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About Davai

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  1. Mainly from the interview with Joshua Morgan at the app dev center. But also by the various articles about the game - usually more about its popularity but they all make the point that it is a flash application. I had considered LoadMovie but that happens from the user's end, so it doesn't explain it. I should probably give it up as a mystery I wont' solve, but the more difficult it is for me to figure something out, the more determined I am to do so.
  2. See this is why I am stumped by this concept.   Take the (no idea how it is popular) game Farmville. It was developed in Flash, and supposedly using Adobe's products.   There is a stage (the game itself) and movie clips played on it (the characters and animals and whatnot) - but at no time is there a delivery of the flash itself (other than the clips) to the client. I suppose one could (never played it to try) capture the individual animations, if they really wanted a little farmer taking a step or a sheep eating grass or something.  But the internal composition, the actionscript behind the input/output, the variables, the arguments, the conditions, the placement and selection of clips.. is all handled Off-Stage somehow. I have dug into the official documentation and found nothing relating to this, nor have I been able to find anything unofficial.. thus my question here.     -- Java is so much simpler.. heck C++ is simpler!
  3. Thank you for the effort at helping :)   These would each prevent someone taking the file and putting it up elsewhere, and obfuscation/encryption Might detur some from redesigning from it. But I am holding on to hope that someone can help point me in the right direction to learn how to block the download of the file(s) in the first place.  I can't really wrap my mind around how you could prevent the user obtaining files that must reach the user's browser in order to be used.. but somehow it is being done every day in pay-services that use flash, social app games, etc.
  4. Davai

    Game development with Java

      Don't obsess over speed, just follow practices and principles of whatever language and game development in general and you will be fine. I don't know about Java but this speed scare tactic on languages really has to stop and im sure Java has some way to interop with C++ just as C# does.   I am not hating on C++ either, I use the language happily with C# and neither compilers complain. Pick the language you like, avoid comparisons (seriously just avoid them or you will go mad) and enjoy.   Also what legal issues? :S   The idea that Java is inherently slow is twofold.  Firstly, the early java runtimes Were (prohibitively) slow in handling certain things. Secondly, it is Interpreted.  I would like to assume veryone here knows what this means but the new generation of programmers is woefully lacking in fundamentals..so - Imagine you wanted to add two 8bit integer values together (among the fastest processes an x86 series processor can perform if the AX register is used.) Under Java, no matter how efficient the source code, there will be a quantity of processing cycles devoted to Reading that source (or bytecode in so-called "compiled" java), more to process tables to determine the correct native process, and then sending them down. Under a compiled language, C++ for example, all of that overhead is done in advance.  Source code is read and processed and boiled down into the list of machine instructions as an Exe-cutable, Com-mand, etc. To be honest tho, if your target game is so processor-intensive to require a lower level language, then simply having enough knowledge to put the thing together likely also means you know enough to make that decision in advance.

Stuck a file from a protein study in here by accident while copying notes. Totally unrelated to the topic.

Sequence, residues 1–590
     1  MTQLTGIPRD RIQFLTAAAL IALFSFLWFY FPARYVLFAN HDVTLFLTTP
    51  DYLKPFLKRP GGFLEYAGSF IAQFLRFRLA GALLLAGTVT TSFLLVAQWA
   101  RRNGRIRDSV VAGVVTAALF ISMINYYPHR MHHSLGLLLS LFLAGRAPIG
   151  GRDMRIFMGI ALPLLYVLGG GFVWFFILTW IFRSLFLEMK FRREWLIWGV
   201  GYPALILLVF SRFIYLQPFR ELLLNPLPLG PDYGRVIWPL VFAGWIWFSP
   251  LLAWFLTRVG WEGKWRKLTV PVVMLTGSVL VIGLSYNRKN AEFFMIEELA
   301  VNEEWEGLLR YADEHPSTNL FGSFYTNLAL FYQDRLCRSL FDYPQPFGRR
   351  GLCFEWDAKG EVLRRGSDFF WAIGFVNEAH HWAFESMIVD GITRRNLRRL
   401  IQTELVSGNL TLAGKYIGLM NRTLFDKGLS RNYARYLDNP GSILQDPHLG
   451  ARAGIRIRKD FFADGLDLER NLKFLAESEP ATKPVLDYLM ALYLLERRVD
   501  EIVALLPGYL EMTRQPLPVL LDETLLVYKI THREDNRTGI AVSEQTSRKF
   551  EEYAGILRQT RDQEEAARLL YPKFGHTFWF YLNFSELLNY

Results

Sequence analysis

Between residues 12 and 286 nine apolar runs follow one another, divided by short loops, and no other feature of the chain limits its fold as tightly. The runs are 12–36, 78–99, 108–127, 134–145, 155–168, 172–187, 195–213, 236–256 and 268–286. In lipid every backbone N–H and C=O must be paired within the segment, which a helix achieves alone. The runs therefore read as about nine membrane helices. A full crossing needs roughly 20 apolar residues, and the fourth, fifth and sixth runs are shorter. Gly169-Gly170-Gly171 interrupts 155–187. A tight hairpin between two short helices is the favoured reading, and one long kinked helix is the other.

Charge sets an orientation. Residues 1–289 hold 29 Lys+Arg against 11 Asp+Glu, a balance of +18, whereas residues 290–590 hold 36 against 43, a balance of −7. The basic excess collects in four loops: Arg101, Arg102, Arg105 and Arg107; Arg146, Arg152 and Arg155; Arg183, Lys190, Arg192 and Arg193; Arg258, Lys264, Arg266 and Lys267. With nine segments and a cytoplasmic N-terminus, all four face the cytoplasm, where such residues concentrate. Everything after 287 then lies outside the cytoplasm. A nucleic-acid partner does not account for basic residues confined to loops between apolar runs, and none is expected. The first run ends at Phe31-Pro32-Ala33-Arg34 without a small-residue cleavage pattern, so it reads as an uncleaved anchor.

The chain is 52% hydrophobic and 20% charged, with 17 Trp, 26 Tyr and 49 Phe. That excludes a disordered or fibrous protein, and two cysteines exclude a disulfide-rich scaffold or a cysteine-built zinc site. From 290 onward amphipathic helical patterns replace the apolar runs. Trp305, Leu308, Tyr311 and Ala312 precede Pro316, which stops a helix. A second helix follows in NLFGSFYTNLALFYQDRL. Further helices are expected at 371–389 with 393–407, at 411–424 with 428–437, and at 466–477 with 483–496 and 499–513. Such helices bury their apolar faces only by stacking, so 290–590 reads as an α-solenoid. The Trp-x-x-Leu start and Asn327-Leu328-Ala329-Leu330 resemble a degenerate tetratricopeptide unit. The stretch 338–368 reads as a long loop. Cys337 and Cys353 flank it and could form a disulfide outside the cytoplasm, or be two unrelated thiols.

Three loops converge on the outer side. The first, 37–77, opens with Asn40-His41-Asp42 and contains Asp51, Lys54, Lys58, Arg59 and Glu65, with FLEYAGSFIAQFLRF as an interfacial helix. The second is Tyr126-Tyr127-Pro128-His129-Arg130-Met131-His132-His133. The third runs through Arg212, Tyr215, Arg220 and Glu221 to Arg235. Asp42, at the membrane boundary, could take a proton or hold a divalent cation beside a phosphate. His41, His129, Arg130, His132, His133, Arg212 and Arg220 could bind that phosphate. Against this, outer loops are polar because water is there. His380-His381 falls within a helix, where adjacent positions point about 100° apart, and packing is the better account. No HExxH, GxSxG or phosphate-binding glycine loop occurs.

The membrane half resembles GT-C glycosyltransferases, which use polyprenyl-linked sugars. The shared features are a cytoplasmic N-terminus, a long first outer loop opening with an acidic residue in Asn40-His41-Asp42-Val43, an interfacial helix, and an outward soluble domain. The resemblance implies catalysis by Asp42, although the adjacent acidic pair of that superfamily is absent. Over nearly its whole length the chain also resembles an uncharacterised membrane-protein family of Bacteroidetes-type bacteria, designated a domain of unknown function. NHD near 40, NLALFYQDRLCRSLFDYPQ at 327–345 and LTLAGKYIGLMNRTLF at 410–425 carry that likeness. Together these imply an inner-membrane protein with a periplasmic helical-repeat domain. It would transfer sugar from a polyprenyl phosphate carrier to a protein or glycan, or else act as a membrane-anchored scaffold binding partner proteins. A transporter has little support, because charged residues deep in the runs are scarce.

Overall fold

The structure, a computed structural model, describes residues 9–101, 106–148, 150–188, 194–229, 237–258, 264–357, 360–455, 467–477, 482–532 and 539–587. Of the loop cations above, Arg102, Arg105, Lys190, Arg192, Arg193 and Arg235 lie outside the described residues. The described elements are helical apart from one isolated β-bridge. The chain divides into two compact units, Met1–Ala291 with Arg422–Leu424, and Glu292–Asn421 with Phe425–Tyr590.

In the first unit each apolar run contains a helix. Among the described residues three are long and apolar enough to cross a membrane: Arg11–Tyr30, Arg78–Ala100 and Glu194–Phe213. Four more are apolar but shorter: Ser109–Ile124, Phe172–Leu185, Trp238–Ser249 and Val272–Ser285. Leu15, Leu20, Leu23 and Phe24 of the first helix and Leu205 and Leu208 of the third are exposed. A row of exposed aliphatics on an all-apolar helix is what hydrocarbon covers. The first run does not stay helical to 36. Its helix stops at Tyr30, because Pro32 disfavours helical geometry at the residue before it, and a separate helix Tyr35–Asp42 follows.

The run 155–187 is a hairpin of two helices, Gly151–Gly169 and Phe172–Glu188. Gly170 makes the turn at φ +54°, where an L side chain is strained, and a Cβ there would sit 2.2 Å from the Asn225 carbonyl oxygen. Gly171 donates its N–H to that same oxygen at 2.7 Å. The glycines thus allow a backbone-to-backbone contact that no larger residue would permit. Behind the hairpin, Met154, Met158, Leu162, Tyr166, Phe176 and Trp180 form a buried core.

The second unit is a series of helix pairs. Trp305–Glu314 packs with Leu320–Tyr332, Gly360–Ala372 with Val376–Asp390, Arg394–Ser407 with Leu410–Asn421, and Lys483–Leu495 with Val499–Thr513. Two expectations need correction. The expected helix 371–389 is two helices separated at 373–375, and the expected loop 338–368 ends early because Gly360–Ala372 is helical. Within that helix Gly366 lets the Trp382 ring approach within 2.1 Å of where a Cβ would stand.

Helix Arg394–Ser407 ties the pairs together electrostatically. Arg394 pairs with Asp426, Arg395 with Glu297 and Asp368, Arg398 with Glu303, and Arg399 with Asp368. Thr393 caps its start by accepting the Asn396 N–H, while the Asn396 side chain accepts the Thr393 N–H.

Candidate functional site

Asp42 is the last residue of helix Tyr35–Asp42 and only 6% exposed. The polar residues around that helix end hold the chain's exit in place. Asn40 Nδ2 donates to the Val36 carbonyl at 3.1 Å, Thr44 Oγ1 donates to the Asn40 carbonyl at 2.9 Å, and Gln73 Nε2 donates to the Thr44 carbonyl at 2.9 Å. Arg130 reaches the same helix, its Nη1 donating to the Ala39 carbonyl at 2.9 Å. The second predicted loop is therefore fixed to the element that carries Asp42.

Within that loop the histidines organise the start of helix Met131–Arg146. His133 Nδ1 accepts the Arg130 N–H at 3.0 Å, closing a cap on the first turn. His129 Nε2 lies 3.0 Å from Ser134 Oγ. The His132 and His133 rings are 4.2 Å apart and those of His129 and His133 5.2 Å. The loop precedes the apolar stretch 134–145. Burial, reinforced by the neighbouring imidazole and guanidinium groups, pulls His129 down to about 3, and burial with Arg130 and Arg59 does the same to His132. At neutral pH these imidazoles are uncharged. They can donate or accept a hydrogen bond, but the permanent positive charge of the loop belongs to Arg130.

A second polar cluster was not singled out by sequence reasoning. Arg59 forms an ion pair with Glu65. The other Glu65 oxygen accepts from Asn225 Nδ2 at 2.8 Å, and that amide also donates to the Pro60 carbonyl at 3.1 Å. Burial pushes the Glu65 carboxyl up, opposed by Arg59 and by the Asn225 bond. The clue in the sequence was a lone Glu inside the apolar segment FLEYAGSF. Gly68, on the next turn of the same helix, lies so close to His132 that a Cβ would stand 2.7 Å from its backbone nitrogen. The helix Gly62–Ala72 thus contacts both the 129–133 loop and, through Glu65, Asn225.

5. I am currently working in 2 directions at once on unrelated projects, so if I ask a strange mix of questions don't be surprised. I finally broke down and got Flash Pro and dug into the books and the tutorials, and have a fully functioning game made (tho I haven't finished the recordkeeping via SQL yet) The problem I have now is, if I embed it somewhere on the group's site, any average user can come along and literally download the entire game (SWF) and take it apart, redesign it, whatever they like. How is it that some Facebook games are (I'm told) done entirely in Flash but manage to host a secure game where the only thing the user has access to is what the developers want them to? (I have seen links for swf encryption software, but that is a separate sort of preventative from what I am looking for.  I am more interested in learning how to limit my product's exposure to the user than I am actually doing so.)
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